WASHINGTON — At a symposium hosted last week at Georgetown University by the Southern Baptist Ethics and Religious Liberty Commission (ERLC) and the ecumenical Manhattan Declaration, Commission President Russell Moore explained his belief that Christians should fight for freedom for all religions—not just their own.
Andrew Walker, director of policy studies for the ERLC, served as moderator for the event, and fielded questions from various individuals pertaining to the persecution of Christians and the need to speak out in support of religious freedom.
“Are Christians at the forefront of religious freedom for all?” Walker presented to the group. “Do you understand the implications it must include our ‘other’?”
Russell Moore, the president of the Commission, then answered the question by stating that he believes Christians are guilty of only supporting freedom for their own religion.
“Well, that’s the key question, and it must be the case,” he stated. “One of the mistakes that Christians have made in years past is this kind of majoritarian understanding [that] we’ve got to fight for our own rights here and maintain our own rights without being very diligent and making sure we’re fighting for religious liberty for all persons.”
Moore explained that as a leader in evangelical Christianity, he doesn’t see much support for the rights other religions, and opined that it raises concerns.
“[T]hat hasn’t been the case throughout all of American history, but in recent years I think that’s been a problem, especially in my world of evangelical Protestantism,” he stated. “It’s just a lack of attention to this. But when we’re talking about liberty of conscience and freedom of religion, we’re talking about this for all people, and that’s because—not because we believe anything less about the Gospel as Christians…”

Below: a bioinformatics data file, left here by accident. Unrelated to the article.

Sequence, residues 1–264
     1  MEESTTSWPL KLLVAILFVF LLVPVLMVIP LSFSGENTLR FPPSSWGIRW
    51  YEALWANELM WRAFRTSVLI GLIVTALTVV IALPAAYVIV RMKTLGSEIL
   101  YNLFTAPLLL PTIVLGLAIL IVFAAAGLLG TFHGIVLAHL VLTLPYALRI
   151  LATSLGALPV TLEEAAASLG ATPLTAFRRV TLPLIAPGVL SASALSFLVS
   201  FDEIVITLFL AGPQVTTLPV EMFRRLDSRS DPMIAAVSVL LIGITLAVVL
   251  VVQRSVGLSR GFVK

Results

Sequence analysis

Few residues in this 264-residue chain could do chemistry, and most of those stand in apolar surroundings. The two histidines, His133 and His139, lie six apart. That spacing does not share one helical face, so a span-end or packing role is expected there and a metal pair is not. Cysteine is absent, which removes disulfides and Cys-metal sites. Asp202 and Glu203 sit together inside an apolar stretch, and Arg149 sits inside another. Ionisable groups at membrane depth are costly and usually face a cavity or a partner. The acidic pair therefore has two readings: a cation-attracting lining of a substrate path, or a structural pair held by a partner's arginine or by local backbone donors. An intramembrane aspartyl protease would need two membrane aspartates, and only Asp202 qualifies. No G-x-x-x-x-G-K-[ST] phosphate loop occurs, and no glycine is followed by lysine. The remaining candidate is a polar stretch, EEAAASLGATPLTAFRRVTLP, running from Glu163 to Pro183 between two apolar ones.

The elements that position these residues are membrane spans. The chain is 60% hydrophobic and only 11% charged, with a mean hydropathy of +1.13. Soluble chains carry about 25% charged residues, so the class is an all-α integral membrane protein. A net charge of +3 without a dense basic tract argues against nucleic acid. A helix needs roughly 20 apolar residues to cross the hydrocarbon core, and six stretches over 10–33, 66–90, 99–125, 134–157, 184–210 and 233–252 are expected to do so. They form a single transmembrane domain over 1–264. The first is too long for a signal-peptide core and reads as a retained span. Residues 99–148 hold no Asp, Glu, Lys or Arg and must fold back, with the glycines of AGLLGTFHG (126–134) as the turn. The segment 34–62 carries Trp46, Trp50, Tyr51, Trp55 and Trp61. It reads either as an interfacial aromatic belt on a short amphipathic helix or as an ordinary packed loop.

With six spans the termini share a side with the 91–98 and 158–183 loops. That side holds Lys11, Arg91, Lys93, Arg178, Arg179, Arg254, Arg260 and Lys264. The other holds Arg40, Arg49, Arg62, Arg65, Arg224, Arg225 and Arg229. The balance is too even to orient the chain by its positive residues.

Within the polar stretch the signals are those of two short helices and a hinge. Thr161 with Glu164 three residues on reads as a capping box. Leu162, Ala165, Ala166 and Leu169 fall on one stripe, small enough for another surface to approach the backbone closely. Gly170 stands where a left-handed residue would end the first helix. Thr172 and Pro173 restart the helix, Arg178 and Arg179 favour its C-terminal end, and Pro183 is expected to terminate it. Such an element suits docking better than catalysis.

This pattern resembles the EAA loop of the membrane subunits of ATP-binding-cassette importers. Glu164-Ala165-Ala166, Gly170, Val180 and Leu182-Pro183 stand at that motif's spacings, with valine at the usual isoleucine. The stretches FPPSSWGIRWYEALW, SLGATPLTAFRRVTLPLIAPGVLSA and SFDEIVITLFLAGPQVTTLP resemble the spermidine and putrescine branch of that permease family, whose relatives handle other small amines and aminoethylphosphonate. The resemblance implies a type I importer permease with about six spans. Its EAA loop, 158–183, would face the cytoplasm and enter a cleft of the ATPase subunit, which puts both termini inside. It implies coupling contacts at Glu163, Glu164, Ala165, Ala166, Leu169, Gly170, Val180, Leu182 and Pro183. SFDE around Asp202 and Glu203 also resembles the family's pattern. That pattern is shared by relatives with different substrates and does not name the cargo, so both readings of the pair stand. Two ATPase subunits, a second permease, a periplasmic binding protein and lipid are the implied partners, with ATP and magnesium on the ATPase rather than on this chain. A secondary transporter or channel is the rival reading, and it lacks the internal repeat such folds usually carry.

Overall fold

Moore then provided the example of the building of mosques in American cities.
“Evangelical Christians need to be the first people—and Catholic Christians and others standing in any given community—saying [that] we really don’t want the mayor to have the power to keep a mosque out of here simply because it’s a mosque,” he stated.
“And not only because we know that’s eventually going to be turned against us, but also because we believe there is something important about keeping the state within its bounds, not taking on the role of God,” Moore said, “[and that we would] be able to have that free and open dialogue that we must have.”
However, some who have become aware of Moore’s comments have expressed disagreement, stating that the Lord would not be pleased with His people supporting the freedom to worship false gods in the land.
“Seems to me if we ‘fight’ at all, it’s to stand for what God commands us to do in the Bible and spread the message about Jesus Christ,” one commenter wrote. “Not ‘inclusive?’ Take that up with the Lord. Much as may rankle progressives, God isn’t about religious freedom. He didn’t even want his people to associate with those that worshiped other gods.”
“Jesus would never fight for Muslims and pagans to rule over a Christian nation,” another stated. “Christians need to stop living in a fantasy/utopia where they deceive themselves [that] they would be willing to obey Jesus in a future never never land dream, but not now ever obey King Jesus in the here and now…”
The symposium can be viewed in full at the Southern Baptist Ethics and Religious Liberty Commission website.